Here’s a question for you: Do you like Eric Clapton‘s work, yet feel that his creative period reached its apex in the 1960s? If so — or even if you only answer “yes” to the first half of that question — and if your interest goes beyond simply listening to the songs, then the new DVD Eric Clapton: The 1960s Review is for you.
No, Clapton himself isn’t involved in this project. Yes, he appears briefly a few times via archival interviews to weigh in on the matters discussed. But the documentary covers the bases without his direct input. Compiled by people who actually understand Clapton’s work (and that of the bands in which he played) The 1960s Review delves into the somewhat circuitous career path Clapton followed in that decade, and gamely attempts to make sense of it all.
Through archival footage, stills and talking-head interviews and analysis, the DVD charts Clapton’s history through the 1960s. The approach the filmmakers have taken doesn’t shy away from what look like inconsistencies in Clapton’s approach; the supposed “blues purist” is shown time and again to have made career moves that weren’t consistent with any such purism. Yet in context his career seems more linear than scattershot; perhaps hindsight can’t help but color our impressions.
It’s interesting to observe the input of some who knew and played with Clapton in the early 60s; some of them readily offer the observation that he wasn’t all that great of a guitarist early on (no one debates that he didn’t quickly become one, though). In addition to spots featuring Yardbirds members and John Mayall, the usual suspects weigh in with their analysis.
Watching the film, one might initially think the compilers forgot some important part of the story. Where, for example, is any mention of Powerhouse, the (extremely) short-lived aggregation featuring Eric Clapton and Steve Winwood? That group cut a handful of tracks right before Cream made their debut. The answer is: in the bonus material. One suspects that the makers of the DVD knew that only hardcore 60s music fans would know (and/or care?) about such things, so they included the treatment of that subject in the bonus section. Ultimately that’s a reasonable approach, since spending ten minutes on Powerhouse would diminish the pacing and flow of the main feature on this (expertly-paced) DVD.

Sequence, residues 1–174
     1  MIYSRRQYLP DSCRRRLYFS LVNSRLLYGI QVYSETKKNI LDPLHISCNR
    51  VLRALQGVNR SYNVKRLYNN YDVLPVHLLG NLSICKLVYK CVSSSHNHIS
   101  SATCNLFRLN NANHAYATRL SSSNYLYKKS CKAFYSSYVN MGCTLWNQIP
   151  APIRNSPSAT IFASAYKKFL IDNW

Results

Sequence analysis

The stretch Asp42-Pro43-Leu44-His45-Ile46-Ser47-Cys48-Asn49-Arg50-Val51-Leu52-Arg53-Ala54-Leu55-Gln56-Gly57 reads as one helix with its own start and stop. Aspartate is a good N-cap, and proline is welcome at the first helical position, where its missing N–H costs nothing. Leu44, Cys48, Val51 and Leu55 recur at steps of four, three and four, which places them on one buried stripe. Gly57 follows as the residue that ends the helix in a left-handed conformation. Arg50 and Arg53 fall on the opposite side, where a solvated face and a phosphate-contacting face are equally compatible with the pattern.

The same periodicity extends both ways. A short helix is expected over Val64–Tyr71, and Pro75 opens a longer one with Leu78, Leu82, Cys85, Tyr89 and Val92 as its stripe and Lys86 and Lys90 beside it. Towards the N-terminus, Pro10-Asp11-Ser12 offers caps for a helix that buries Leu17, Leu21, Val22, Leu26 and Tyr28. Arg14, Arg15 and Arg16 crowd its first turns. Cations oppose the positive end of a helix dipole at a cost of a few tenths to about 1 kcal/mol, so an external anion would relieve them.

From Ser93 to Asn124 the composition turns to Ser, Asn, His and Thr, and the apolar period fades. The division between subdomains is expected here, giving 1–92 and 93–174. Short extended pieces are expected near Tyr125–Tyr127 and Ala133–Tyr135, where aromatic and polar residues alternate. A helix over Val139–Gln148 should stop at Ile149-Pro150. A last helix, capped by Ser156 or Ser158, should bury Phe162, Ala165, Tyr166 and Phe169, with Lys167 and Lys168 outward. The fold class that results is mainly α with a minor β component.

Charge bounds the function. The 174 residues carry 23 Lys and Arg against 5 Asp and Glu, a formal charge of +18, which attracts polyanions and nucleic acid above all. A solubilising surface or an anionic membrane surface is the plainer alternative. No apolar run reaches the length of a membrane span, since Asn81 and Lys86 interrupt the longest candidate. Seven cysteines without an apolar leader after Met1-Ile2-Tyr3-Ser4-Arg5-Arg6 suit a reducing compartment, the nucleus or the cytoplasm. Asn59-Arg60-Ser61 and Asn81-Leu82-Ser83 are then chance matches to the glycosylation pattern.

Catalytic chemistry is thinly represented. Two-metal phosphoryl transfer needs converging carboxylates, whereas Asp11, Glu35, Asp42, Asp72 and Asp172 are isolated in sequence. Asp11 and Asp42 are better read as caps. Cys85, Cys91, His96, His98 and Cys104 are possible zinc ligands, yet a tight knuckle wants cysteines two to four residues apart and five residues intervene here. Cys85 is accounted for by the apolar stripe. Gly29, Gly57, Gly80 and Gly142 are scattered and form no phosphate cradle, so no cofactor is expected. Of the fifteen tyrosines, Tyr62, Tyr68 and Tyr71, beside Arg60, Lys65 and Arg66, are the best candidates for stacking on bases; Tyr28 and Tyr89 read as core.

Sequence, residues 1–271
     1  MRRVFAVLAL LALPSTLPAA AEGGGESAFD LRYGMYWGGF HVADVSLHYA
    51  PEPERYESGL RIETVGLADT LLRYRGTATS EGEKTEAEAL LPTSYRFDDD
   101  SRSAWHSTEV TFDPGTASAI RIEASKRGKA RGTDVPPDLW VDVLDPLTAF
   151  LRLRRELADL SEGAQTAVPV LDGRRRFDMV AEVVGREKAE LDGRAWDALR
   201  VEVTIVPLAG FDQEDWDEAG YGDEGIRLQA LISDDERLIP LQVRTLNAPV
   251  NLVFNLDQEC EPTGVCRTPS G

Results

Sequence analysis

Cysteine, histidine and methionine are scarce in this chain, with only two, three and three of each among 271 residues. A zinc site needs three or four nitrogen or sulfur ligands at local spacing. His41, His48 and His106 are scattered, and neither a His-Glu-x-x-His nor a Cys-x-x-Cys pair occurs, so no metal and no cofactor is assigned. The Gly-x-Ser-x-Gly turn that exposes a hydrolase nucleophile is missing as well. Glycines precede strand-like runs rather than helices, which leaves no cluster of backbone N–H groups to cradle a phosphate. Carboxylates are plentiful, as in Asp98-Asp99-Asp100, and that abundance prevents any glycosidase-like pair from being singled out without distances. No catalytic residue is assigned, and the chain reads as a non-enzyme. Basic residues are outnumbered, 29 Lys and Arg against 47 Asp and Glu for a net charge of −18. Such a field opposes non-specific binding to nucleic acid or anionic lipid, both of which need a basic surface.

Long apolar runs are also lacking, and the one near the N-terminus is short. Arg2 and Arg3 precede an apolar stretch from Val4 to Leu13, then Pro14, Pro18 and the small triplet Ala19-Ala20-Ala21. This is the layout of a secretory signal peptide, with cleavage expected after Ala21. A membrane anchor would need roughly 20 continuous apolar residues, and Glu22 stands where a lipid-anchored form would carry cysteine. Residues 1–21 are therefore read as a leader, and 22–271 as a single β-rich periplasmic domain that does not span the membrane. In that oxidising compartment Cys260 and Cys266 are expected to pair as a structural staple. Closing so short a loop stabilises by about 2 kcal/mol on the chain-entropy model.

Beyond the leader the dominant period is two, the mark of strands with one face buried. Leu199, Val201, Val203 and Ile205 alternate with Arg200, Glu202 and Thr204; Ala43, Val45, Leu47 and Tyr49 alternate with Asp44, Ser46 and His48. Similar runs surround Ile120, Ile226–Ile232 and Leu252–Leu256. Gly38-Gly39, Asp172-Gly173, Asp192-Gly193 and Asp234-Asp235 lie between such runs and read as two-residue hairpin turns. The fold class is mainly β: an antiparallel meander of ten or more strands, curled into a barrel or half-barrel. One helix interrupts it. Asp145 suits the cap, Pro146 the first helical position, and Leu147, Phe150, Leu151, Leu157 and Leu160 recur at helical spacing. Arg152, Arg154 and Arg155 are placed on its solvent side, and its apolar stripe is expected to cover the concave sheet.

Of particular interest is the analysis and reminiscing of Paul Jones (ex-Manfred Mann). This reviewer wasn’t aware of the Zelig-like omnipresence of Jones in the music scene of the time. Young’s warm and mischievous tale-telling is a highlight of the disc. Also fascinating is recording engineer Bill Halverson‘s discussion of Cream’s Goodbye sessions.
As always, there are a few mistakes. One of them is egregious. Music historian Alan Clayson — normally a dependable expert on such matters — would have us believe that Cream producer Felix Pappalardi was involved with the Rascals. No, Alan, that’s Felix Cavaliere. It’s a rookie mistake akin to confusing John Bonham with Jon Bon Jovi, and one wonders why no one caught it and excised it from the interview.
But in the larger context, that’s a minor flaw. This DVD is well-put together, and presents a career overview that satisfies on several levels. One, it’s a good introduction for those who are interested in Clapton but don’t know the history. Two, the DVD provides enough trivia and information from those who were really there to make it of significant interest to the more serious fan. And three — especially for an “unauthorized” production, there’s a healthy amount of actual music. For anyone with an interest in 60s British music beyond the Beatles, Eric Clapton: The 1960s Review is highly recommended.
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